Boeing Gets ‘Sweetheart Deal’ On Fraud Charges, Leaving Victim Families Angry

The U.S. Department of Justice (DoJ) is preparing to charge Boeing with fraud related to two fatal crashes involving the 737 Max aircraft.

Boeing is under intense scrutiny as the DoJ considers charging the aerospace giant with fraud due to two devastating crashes five years ago. However, a potential plea deal has sparked outrage among the families of the 346 victims of Lion Air Flight 610 and Ethiopian Airlines Flight 302.

The proposed plea deal terms include a fine for Boeing, a three-year probation period, and oversight by a corporate monitor. During a conference call on Sunday, these terms were shared with the victims’ families, leading to widespread anger and frustration. Attorneys representing the families accused the federal government of negotiating “another sweetheart plea deal” with Boeing. “The memory of 346 innocents killed by Boeing demands more justice than this,” declared Paul Cassell, representing the families of 15 crash victims.

Erin Applebaum, another attorney for the victims’ families, labelled the proposal as “shameful” and said it “completely fails to mention or recognize the dignity” of the victims.

Applebaum also noted that the families would appeal to a judge and the public to reject the deal, arguing that the DoJ would face their lack of accountability if another Boeing crash occurred. The 737 Max crashes in October 2018 and March 2019 led to the jet’s global grounding for nearly two years. In 2021, Boeing and the DoJ reached a deferred prosecution agreement that protected the company from criminal conspiracy charges related to fraud. However, a recent emergency landing incident due to a cabin panel blowout has prompted the DoJ to reconsider this agreement.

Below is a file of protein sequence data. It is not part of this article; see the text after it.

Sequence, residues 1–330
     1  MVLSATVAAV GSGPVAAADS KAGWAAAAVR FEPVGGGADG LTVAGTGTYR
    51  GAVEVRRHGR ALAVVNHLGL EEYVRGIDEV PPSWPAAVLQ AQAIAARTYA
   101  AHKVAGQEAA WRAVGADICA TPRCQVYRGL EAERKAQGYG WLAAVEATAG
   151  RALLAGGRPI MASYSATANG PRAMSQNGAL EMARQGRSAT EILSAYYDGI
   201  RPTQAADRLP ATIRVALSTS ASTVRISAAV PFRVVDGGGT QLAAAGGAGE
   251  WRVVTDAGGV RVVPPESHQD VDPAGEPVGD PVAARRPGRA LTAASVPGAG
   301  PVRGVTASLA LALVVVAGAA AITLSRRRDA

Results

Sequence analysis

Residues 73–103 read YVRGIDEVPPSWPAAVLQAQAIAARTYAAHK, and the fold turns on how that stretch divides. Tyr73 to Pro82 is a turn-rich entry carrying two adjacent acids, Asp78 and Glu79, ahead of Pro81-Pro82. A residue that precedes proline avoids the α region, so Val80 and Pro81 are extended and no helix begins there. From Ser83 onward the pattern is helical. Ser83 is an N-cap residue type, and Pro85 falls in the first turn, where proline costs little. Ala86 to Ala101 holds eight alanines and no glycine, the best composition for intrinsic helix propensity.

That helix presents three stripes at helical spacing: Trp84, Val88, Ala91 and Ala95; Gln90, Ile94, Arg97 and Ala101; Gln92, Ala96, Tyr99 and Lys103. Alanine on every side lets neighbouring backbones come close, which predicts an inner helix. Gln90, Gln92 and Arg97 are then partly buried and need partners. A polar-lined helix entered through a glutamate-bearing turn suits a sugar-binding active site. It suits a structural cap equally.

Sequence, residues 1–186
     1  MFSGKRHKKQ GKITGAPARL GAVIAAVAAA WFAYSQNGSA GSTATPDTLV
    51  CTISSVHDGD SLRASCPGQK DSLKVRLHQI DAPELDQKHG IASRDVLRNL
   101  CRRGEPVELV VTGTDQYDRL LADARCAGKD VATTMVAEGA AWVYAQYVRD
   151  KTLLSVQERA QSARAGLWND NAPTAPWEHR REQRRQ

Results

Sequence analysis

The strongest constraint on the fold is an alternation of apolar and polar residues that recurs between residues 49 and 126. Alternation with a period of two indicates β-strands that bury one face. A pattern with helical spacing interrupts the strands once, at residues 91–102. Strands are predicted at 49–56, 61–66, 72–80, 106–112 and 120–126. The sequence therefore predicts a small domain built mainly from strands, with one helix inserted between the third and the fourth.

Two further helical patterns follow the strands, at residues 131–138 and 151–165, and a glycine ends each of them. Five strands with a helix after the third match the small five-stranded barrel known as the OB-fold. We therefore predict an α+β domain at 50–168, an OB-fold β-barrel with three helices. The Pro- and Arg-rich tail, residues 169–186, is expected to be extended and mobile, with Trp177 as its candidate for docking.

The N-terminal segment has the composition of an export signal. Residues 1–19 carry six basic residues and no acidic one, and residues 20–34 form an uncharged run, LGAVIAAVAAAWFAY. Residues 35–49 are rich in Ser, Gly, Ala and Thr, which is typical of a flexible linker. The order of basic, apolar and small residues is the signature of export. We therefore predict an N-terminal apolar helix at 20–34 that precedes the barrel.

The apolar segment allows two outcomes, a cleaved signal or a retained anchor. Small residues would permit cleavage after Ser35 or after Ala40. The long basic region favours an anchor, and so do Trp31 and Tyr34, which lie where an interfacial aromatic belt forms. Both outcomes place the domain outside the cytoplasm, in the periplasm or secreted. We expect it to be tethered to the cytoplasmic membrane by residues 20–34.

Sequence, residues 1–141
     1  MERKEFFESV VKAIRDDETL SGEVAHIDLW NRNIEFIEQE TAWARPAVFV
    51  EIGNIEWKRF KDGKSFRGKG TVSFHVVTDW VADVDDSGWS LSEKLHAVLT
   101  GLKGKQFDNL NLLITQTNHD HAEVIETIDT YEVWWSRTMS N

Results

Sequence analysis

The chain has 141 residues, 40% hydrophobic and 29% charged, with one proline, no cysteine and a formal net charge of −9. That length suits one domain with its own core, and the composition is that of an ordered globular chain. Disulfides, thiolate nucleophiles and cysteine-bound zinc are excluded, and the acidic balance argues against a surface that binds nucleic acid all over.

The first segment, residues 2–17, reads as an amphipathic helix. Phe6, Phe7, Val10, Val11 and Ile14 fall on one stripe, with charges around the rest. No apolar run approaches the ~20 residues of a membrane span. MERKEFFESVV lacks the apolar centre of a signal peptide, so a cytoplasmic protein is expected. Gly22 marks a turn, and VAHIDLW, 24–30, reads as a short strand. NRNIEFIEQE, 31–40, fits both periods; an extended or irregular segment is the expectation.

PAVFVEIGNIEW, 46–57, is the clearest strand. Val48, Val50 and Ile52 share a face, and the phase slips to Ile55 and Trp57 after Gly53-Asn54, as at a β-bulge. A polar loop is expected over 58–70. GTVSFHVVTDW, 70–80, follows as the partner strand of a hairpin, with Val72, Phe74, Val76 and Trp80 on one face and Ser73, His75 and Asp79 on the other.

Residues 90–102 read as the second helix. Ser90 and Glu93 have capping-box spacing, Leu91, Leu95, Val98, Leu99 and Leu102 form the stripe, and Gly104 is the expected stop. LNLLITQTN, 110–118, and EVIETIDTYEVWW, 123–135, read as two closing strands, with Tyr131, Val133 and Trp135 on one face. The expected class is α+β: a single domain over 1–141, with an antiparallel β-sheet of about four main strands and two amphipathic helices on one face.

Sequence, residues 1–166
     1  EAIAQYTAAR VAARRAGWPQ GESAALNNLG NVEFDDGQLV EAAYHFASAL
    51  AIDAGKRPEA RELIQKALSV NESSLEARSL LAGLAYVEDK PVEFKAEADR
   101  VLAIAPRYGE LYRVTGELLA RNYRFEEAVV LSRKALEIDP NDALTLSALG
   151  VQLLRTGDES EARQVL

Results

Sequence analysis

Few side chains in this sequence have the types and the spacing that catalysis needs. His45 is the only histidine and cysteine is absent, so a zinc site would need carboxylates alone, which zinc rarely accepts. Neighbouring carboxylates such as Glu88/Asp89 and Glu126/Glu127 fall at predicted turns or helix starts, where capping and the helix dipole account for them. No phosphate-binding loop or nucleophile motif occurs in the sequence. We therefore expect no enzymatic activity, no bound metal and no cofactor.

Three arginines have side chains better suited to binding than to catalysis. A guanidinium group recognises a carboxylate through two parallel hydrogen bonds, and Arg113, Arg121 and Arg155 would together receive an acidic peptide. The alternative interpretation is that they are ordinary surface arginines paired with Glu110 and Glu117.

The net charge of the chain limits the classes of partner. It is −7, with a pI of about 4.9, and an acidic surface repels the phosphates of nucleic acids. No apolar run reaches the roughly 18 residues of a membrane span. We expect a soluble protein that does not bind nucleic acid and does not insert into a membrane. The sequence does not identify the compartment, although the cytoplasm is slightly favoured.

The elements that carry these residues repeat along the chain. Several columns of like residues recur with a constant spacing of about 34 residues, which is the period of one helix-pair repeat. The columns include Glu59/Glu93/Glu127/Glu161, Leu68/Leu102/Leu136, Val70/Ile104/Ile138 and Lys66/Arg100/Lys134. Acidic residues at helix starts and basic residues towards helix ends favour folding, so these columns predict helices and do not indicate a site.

The current plea deal suggests that Boeing should be independently monitored by the DoJ rather than appointing its corporate monitor. Sanjiv Singh, counsel for 16 families of crash victims, criticized the deal as a “sweetheart deal.” Cassell described the agreement as a “no-accountability deal” that fails to acknowledge Boeing’s responsibility for the deaths of 346 people. “The deal will not acknowledge, in any way, that Boeing’s crime killed 346 people,” Cassell emphasized.

“It also appears to rest on the idea that Boeing did not harm any victim.”

Boeing continues to face the fallout from January’s cabin blowout incident, which exposed major manufacturing and quality issues and led to several investigations. The incident significantly impacted Boeing, with shares plummeting by about a third this year and a projected cash burn of $8 billion in the first half of 2024 due to production slowdowns.

The Federal Aviation Administration (FAA) has limited 737 Max production and requires Boeing to create a plan to address these quality issues. Amid these challenges, Boeing is seeking a new CEO, as Dave Calhoun plans to step down later this year.

In 2021, Boeing paid a fine and admitted to deceiving the FAA about a flight control system tied to the crashes. It promised to improve safety and report to the DoJ. The government agreed to drop the charges after three years. However, the recent blowout incident has led the DoJ to reconsider the deal, casting doubt on Boeing’s future.

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